By Patrick McCarran
Real Estate Broker
I am often asked if a home warranty is a good deal or worth the money. I highly recommend them. Considering that the average water heater runs about $1300, and a new furnace and A/C can run over $10,000 with the new SEER laws, a home warranty can save you thousands of dollars on a repair that pops up after you purchase a home.
I think it is important to understand that a home warranty is not an end all be all warranty and you should be aware of exactly what the home warranty covers. It does not cover everything that may go wrong but does cover a great many items. The warranty brochure will spell out exactly what is covered and what is NOT covered. It has been my experience that the major warranty providers do not try to “wiggle out” of paying, if it is covered and not obviously a preexisting condition then they will repair of replace. In general the warranty will cover items not covered by your home owners insurance. For example if a pipe leaks the home owners policy will cover the damage caused by the leak but not repair the pipe, the home warranty will cover the pipe but not the damage.
Be aware that if the warranty is generally only for basic coverage, if you need extended coverage, such as for pool equipment, air conditioning, or even the refrigerator, you may be able to negotiate that extra cost with the seller, or consider paying the difference yourself. It is important to note that you must file a claim with the warranty company and use their service provider, if you have a problem you can request a new vendor but you cannot generally call your own contractor and expect the warranty to pay them. Remember that although most home warranties provide coverage only for one year, but you can always for more upfront or most plans are renewable after the first year, one of my clients kept their home warranty for the 22 years they owned the home.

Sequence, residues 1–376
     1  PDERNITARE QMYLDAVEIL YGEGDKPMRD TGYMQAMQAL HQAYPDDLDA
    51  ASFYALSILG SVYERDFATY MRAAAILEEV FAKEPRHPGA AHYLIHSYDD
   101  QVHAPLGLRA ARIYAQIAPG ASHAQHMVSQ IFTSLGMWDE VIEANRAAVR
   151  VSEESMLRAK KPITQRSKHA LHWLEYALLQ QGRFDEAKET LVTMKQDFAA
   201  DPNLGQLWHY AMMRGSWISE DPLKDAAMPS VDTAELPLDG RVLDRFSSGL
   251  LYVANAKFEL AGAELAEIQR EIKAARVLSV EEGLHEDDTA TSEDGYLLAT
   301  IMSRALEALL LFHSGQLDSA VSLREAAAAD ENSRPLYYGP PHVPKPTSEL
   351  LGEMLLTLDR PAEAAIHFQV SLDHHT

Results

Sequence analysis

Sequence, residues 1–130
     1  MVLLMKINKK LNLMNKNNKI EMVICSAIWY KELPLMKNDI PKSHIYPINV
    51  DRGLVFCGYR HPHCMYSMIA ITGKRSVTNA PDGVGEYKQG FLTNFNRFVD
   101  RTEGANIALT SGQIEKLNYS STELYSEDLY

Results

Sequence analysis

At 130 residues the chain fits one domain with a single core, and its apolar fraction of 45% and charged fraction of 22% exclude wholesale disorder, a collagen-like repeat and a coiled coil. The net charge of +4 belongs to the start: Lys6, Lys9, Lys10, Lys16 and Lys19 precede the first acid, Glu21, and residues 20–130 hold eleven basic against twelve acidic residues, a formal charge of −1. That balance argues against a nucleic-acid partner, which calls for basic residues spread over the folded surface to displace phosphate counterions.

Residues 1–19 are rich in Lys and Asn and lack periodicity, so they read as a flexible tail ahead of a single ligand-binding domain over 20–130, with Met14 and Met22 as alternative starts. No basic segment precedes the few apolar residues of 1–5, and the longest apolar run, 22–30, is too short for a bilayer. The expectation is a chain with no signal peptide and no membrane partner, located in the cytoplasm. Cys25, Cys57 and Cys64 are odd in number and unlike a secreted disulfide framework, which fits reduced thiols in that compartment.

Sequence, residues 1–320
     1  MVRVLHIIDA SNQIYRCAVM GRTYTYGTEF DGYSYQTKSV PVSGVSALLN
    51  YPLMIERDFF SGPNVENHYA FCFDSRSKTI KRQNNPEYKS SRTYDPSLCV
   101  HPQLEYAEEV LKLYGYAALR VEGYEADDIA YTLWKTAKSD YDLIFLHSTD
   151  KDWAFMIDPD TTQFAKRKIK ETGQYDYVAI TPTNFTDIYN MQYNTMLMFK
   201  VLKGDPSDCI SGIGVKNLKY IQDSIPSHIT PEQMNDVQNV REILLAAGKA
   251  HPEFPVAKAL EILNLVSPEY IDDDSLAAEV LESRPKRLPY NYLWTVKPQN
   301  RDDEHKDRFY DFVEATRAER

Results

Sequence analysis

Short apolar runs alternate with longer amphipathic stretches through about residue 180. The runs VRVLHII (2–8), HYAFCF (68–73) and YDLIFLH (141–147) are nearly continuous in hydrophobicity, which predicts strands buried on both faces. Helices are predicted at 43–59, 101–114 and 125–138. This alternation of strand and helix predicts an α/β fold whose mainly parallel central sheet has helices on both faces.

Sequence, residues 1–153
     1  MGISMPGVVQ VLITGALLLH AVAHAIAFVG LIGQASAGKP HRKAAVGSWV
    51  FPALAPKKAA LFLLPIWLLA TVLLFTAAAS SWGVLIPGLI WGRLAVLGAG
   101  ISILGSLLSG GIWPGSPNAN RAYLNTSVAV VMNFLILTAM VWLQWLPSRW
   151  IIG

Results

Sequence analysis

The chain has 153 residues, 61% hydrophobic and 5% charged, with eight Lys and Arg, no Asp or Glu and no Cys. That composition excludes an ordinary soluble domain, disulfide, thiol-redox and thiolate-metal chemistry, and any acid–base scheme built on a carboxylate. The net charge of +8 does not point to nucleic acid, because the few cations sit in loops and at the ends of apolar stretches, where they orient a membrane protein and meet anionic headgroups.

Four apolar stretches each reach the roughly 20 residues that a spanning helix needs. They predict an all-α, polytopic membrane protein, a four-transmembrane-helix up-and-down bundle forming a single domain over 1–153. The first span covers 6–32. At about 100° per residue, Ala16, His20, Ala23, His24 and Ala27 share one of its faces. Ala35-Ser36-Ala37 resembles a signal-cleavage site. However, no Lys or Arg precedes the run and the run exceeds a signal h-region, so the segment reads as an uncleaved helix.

Take note of what the deductible or per visit cost for repairs? What’s the maximum dollar amount for repairs and what are the policy limitations such as new fittings or SEER inspections or permits? Also the warranty company will buy out the claim, sometimes this may work out better for the home owner.
A warranty is not a blanket protection form defects and no buyer should forgo a home inspection. An inspection may uncover defects or potential problems that may not be covered by the warranty—and may give you the opportunity to request the seller to make any major repairs before the closing.
But, warranties definitely have a place when it comes to protection and peace of mind. For sellers they can act as “insurance” that you won’t get an angry call about the bad water heater in the house you sold and for buyers you don’t have to worry about dealing with the added expense of replacing a major system or appliance after you move in.
Give me a call or email for more information or any questions on home warranties and providers. Know your options.